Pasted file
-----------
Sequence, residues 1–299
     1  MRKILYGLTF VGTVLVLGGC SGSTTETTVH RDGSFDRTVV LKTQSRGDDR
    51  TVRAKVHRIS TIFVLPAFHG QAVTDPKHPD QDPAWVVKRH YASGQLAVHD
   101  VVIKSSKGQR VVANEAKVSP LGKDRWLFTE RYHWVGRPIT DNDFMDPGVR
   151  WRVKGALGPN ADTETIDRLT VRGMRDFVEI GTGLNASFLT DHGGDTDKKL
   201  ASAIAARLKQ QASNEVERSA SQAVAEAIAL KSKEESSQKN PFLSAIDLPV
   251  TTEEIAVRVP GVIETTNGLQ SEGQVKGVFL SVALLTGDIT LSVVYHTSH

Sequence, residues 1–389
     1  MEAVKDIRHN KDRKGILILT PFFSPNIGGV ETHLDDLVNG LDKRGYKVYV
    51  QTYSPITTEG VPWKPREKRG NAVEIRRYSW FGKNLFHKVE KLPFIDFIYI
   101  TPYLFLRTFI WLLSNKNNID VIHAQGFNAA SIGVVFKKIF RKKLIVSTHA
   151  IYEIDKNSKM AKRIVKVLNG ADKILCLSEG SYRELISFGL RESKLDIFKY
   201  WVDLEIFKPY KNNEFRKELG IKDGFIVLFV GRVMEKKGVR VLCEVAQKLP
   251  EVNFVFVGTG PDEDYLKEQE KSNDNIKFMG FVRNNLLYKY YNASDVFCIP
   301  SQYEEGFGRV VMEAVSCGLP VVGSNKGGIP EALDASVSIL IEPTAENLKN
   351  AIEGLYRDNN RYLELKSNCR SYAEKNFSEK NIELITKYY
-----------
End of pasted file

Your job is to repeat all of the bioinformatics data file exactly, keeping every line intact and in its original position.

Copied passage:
Sequence, residues 1–299
     1  MRKILYGLTF VGTVLVLGGC SGSTTETTVH RDGSFDRTVV LKTQSRGDDR
    51  TVRAKVHRIS TIFVLPAFHG QAVTDPKHPD QDPAWVVKRH YASGQLAVHD
   101  VVIKSSKGQR VVANEAKVSP LGKDRWLFTE RYHWVGRPIT DNDFMDPGVR
   151  WRVKGALGPN ADTETIDRLT VRGMRDFVEI GTGLNASFLT DHGGDTDKKL
   201  ASAIAARLKQ QASNEVERSA SQAVAEAIAL KSKEESSQKN PFLSAIDLPV
   251  TTEEIAVRVP GVIETTNGLQ SEGQVKGVFL SVALLTGDIT LSVVYHTSH

Sequence, residues 1–389
     1  MEAVKDIRHN KDRKGILILT PFFSPNIGGV ETHLDDLVNG LDKRGYKVYV
    51  QTYSPITTEG VPWKPREKRG NAVEIRRYSW FGKNLFHKVE KLPFIDFIYI
   101  TPYLFLRTFI WLLSNKNNID VIHAQGFNAA SIGVVFKKIF RKKLIVSTHA
   151  IYEIDKNSKM AKRIVKVLNG ADKILCLSEG SYRELISFGL RESKLDIFKY
   201  WVDLEIFKPY KNNEFRKELG IKDGFIVLFV GRVMEKKGVR VLCEVAQKLP
   251  EVNFVFVGTG PDEDYLKEQE KSNDNIKFMG FVRNNLLYKY YNASDVFCIP
   301  SQYEEGFGRV VMEAVSCGLP VVGSNKGGIP EALDASVSIL IEPTAENLKN
   351  AIEGLYRDNN RYLELKSNCR SYAEKNFSEK NIELITKYY